Part of FringeNYC: Based on true events. A young chef goes from running top after-hours Mexico City nightspots to running for his life from the bloodiest foodie in the world, Libyan Dictator Muammar Qaddafi; a chef’s-eye view of a regime’s methods and madness. More…
Categories: Drama, National. From Bons Tempos. Written by Lance Belville & Carlos Ambrosi. Directed by Lynn Lohr.
FROM THE ARTIST:
Eat like a dictator. Taste the ideas. The show is a unique theatre experience as food helps describe the methods and madness of the brutal Qaddafi dictatorship. The young Mexican chef did the cooking as though his life depended on it, as it did. Along the way, audience members savor dishes Qaddafi loved or rejected. The audience is enmeshed in a sensory experience, literally sensing ideas.
The show was developed in collaboration between veteran playwright, Lance Belville and chef Carlos Ambrosi.
"Sous chef Fredy (Alvaro Flores) adds action and engaging commentary to investigator Paula Madrigal's expressive reading of his boss Sergio's supposed diary of their month-or-so remunerative captivity as Qaddafi's Mexican components of his cooking team...Under Lynn Lohr's masterful direction, Madrigal has the audience on the edge of their seats by the point in the diary when it seems the pair can gracefully exit the country." Full Review
"If the purpose of food is a metaphor for Qaddafi’s terror, and its existence is to make that connection more real for those in the audience, then how everyone relates to it on a sensory level should be better executed. Still, 'Qaddafi’s Cook' is beautifully done and a triumph of minimalism and immersive theater. It is equal parts intense, charming, and, like any good meal, satisfying." Full Review
for a previous production "A powerful piece of theatre…An extraordinary play about cooking and politics…Paola Madrigal was specifically chosen for the role because of the Outstanding Actress Award from last year’s SDIFF. Of the same caliber is Alvaro Flores trained in London as an actor and a mime in France–one can tell by the way he moves across the stage. They deliver great performances…Do not miss this fine performance." Full Review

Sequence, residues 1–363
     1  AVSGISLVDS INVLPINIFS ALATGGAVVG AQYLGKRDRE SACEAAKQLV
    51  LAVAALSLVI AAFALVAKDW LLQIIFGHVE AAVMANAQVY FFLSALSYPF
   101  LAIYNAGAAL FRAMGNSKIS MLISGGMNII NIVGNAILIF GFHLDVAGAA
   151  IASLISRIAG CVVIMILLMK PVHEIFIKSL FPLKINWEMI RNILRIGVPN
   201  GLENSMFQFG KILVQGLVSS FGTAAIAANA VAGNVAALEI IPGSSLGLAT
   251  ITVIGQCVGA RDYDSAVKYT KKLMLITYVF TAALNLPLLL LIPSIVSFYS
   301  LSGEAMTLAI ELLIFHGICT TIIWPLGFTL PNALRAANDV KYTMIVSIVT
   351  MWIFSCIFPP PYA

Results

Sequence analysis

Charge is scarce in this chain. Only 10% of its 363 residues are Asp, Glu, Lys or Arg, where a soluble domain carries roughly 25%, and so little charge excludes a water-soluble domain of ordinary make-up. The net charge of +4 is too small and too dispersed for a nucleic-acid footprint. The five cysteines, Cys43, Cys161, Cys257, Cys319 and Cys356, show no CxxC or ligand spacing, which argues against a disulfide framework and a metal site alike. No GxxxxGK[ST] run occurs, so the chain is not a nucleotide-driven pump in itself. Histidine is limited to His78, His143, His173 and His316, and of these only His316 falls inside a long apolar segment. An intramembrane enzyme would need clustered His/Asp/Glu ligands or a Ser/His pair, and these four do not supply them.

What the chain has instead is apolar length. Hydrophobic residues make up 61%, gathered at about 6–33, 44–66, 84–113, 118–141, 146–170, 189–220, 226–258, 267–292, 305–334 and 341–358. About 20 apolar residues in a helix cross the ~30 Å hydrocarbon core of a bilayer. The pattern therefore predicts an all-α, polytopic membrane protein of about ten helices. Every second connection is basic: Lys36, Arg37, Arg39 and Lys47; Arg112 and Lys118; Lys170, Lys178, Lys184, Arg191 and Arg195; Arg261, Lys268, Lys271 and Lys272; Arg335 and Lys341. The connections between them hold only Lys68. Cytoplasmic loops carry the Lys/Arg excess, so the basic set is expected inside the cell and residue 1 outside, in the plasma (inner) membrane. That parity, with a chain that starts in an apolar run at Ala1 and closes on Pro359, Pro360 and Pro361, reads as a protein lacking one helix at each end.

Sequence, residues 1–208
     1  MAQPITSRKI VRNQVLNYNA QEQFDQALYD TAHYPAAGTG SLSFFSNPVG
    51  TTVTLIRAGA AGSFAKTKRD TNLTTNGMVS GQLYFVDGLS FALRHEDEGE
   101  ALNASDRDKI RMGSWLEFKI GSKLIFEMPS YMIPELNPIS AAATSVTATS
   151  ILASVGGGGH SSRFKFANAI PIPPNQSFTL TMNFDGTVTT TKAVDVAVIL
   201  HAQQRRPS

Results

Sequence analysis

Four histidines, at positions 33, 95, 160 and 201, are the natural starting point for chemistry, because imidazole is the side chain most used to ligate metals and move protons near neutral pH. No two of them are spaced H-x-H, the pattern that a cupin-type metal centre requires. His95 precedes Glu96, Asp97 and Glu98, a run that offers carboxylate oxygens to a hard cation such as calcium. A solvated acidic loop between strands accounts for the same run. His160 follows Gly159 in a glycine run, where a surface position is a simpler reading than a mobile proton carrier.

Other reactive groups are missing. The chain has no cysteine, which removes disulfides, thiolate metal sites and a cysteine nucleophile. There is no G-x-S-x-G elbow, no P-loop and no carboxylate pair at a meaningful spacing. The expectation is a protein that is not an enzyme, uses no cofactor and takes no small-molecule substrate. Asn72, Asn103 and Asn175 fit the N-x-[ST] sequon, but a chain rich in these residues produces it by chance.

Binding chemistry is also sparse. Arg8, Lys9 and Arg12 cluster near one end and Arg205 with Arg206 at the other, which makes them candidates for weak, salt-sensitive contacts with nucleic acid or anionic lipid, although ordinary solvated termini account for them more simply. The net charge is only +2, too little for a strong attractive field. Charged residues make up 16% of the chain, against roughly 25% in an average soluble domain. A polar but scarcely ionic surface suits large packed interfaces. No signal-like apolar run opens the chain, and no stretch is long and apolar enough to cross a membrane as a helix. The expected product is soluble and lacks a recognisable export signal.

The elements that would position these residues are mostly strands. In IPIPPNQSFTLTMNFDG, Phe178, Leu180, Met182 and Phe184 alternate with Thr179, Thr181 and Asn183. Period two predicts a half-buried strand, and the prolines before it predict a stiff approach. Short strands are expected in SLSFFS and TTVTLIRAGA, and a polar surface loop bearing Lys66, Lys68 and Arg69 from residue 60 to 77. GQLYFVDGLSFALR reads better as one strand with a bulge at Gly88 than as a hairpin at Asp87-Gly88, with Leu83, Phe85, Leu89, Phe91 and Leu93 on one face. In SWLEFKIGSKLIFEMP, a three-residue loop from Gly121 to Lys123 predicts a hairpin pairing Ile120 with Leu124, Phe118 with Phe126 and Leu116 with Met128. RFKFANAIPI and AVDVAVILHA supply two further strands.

See it if You like food You are interested in politics You like a story based on a real anecdote Interested in what happen to Qaddafi's chef
Don't see it if You like action You like staging You like a big production Don't like narrative Don't like voice over Don't like to imagine things
See it if You are interested in Qaddafi, cooking, life of dictators. Shows that give serious subjects comedic overlays
Don't see it if If you're looking for something happy. If you really need a comfortable, cool theater
See it if you don't mind a well-intentioned but poorly executed show where many lines are delivered in a hard-to-follow accent
Don't see it if you do mind a well-intentioned but poorly executed show where many lines are delivered in a hard-to-follow accent
See it if you want to see a good actor - Alvaro Flores- work his heart out to bring energy, character & skill to a role & really engage an audience
Don't see it if you have a short attention span. This could be really absorbing & interesting as a radio play but did not lend itself well to live theatre
See it if an original take on a dictator interests you; you appreciate fine performances by promising young actors; intelligent writing appeals to you
Don't see it if you expect something conventional; you're looking for sophisticated sets and props over substance; you expect a large cast of characters
See it if you have an interest in historical, topical drama, an interest in food, or both!
Don't see it if You like productions with a lot of production value. If you haven't eaten dinner yet.